By New Times
By Robrt L. Pela
By Lauren Saria and Heather Hoch
By Deborah Sussman
By Robrt L. Pela and Amy Silverman
By Kathleen Vanesian
By Eric Schaefer
By Heather Hoch
I'm used to looking for hole-in-the-wall ethnic restaurants or modest indie bistros, but I didn't expect to have to hunt for one of the Valley's most exciting, high-end resort dining destinations.
Well, until now. For my first visit to Vu the fine-dining spot at the Hyatt Scottsdale Resort & Spa at Gainey Ranch I was on unfamiliar turf. The lobby was verging on hectic, and my friends and I wandered back and forth, looking for a sign. Even after we asked for directions, Vu was hard to find. Eventually, we spotted the two tiny letters on a discreet plaque and followed the arrow down a deserted hallway to set of glass double doors.
It's surprising that Vu is so quietly tucked away inside the hotel. Surely, the management is proud of chef de cuisine Brian Lewis, who took the helm at Vu last October after working at Oceana in New York, Bix in San Francisco, and, most recently, The Greene House at Kierland Commons. But to have an in-house culinary talent like him is beyond brag-worthy. Perhaps the Hyatt needs to invest in a neon sign.
7500 E. Doubletree Ranch Road
Scottsdale, AZ 85258
Category: Music Venues
Region: North Scottsdale
Red king crab ravioli: $16
Kurobuta pork two ways: $34
Hawaiian moi: $36
Crème brûlée: $10
480-444-1234, extension 79, »web link.
Hours: Monday through Saturday, 6 to 10 p.m.
Lewis was preceded by chef William Bradley, who led a successful relaunch of the restaurant two and a half years ago. The place underwent a complete overhaul, changing its name from The Golden Swan to Vu, and it got a nod from Esquire as one of the best new restaurants for 2005. Now Vu stands poised for even more accolades, thanks to Lewis' inventive flavor combinations and artful presentations.
I wish I could praise the decor as much as the chef. The dining room had lots of loud stripes and a pumpkin-y palette, with gauzy panels of orange fabric hanging around the upper tier of tables, that detracted from people-watching opportunities. A middle row of booths, spanning the room in a zigzag, looked out onto a lower level of tables, and, at the back of the room, there was a slick lounge that looked like no one had ever sat in it.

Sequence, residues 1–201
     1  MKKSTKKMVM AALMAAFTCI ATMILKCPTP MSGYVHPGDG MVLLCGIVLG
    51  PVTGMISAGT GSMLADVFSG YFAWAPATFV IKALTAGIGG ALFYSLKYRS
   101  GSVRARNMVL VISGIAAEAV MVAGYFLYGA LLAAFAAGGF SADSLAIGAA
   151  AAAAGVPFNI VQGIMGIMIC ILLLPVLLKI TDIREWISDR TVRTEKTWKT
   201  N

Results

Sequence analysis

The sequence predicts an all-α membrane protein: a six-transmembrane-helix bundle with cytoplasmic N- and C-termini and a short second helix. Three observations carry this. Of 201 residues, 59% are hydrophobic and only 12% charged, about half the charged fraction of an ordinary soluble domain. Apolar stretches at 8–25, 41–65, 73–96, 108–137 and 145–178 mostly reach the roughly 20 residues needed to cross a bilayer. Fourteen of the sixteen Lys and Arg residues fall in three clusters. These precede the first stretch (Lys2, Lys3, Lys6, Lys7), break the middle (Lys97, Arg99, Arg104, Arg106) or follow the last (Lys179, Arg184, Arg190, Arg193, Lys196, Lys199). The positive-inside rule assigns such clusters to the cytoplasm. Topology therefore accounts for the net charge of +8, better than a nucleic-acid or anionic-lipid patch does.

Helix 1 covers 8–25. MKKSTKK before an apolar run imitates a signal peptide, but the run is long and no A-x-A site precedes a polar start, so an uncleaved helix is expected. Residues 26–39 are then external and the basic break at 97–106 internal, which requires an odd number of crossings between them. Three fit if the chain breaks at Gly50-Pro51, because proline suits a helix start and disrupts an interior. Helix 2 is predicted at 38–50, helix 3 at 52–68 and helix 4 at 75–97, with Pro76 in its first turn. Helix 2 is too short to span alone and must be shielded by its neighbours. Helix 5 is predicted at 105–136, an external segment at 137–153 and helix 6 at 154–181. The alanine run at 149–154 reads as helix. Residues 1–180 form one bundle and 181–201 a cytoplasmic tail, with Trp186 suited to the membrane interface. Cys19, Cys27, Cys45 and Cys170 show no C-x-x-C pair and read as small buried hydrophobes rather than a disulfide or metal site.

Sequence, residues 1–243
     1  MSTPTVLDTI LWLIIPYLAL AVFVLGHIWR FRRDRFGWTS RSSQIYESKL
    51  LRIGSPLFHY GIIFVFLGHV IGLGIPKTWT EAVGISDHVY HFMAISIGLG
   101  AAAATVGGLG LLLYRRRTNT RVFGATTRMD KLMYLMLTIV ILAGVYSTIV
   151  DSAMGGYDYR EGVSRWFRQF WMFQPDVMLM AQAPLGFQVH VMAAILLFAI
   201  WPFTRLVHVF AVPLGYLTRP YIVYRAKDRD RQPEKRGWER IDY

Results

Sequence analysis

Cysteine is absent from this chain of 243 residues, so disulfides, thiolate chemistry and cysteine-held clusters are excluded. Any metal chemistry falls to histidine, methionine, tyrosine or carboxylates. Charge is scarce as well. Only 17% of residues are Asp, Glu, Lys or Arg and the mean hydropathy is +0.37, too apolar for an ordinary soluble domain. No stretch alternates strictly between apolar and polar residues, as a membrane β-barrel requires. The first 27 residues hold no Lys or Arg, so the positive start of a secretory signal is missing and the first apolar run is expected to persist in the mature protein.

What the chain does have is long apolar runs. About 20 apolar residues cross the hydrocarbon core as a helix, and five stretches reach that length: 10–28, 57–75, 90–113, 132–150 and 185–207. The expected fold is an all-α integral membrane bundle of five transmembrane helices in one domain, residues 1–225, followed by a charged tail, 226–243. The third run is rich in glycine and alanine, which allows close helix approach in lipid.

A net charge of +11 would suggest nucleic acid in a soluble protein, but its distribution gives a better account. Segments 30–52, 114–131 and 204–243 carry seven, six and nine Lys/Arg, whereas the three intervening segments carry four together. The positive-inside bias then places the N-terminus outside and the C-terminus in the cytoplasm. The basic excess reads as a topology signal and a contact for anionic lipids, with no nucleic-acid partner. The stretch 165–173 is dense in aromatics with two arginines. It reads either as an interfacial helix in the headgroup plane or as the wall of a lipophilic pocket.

The real aesthetic appeal at Vu was the food itself. Chef Lewis' beautiful creations were meticulously arranged on large rectangular plates that functioned as pristine white canvases. A stripe of purée here or a careful assemblage of ingredients there made each dish a dynamic composition that could've been an edible Kandinsky painting. While we gasped at how good it all looked, we were even happier to deconstruct each work of art, bite by bite.
But not before our server gave an elaborate description of what we were looking at. For as intriguing as the menu descriptions were with names of the boutique farms that produced some of the meats and vegetables what we ordered turned out to be even more sophisticated. At most restaurants, you'd be lucky to have a waiter give you your entrée without asking, "And who had the duck?" But at Vu, not only did the right dish automatically go to the right person, but each was prefaced with an explanation. Our waiter had every detail memorized.
For example, the "Duo of Bobo Farms foie gras" appetizer, with a tasting of crimson gold apples, was more complex than expected. One perfectly seared foie gras was served hot, topped with gleaming black lentils, while a slice of chilled foie gras terrine came with a dollop of sweet tokai jelly.
Other starters were equally intriguing. The McClendon Farms market vegetable salad was a colorful heap of thinly shaved root vegetables and medjool dates tossed with tart ice wine vinaigrette and creamy crumbles of goat cheese. Burnt orange caramel and shallot marmalade made the agnolotti of Niman Ranch beef short ribs taste even more intensely rich, while the Devonshire horseradish foam that accompanied it had a surprisingly palate-soothing flavor.
One gripe about the soft, challah-like bread that was brought to our table: We each got half a slice, and were never offered seconds. Another piece would've come in handy with the red king crab raviolo, served in an addictively buttery sauce of melted foie gras and Amontillado sherry with toasted almonds. That was far too delicious to waste.
Painted Hills beef tenderloin was the most straightforward entree I tasted, but even that was exceptional, with a bold bordelaise sauce, wild mushrooms, a drizzle of herb oil, and fresh mache greens. Its side of whipped La Ratte fingerling potatoes was ethereal creamy and flavorful.
Meanwhile, the "wild duck three ways," with tender pink slices of duck breast, a bite of duck sausage, and a dollop of duck confit, was served with unusual sauces painted onto the plate: a deep, dark Venezuelan cocoa, apricot purée, foie gras, and curried pistachio.
Hawaiian moi, a mild, pale-fleshed fish that used to be reserved for Hawaiian royalty, had a wonderful crispness, and pineapple curry and tamarind made it taste vibrant and light. As for the "Kurobuta pork two ways," it was all about bold flavors and luxurious textures. Slices of moist pork loin were fanned out on top of cooked cavelo negro, a tangy type of black kale that reminded me of cabbage. Next to it was a silky chunk of pork belly, whose richness was amplified by agave nectar, spiced quince, and pickled chanterelle mushrooms. Not for the faint of palate, but worth it.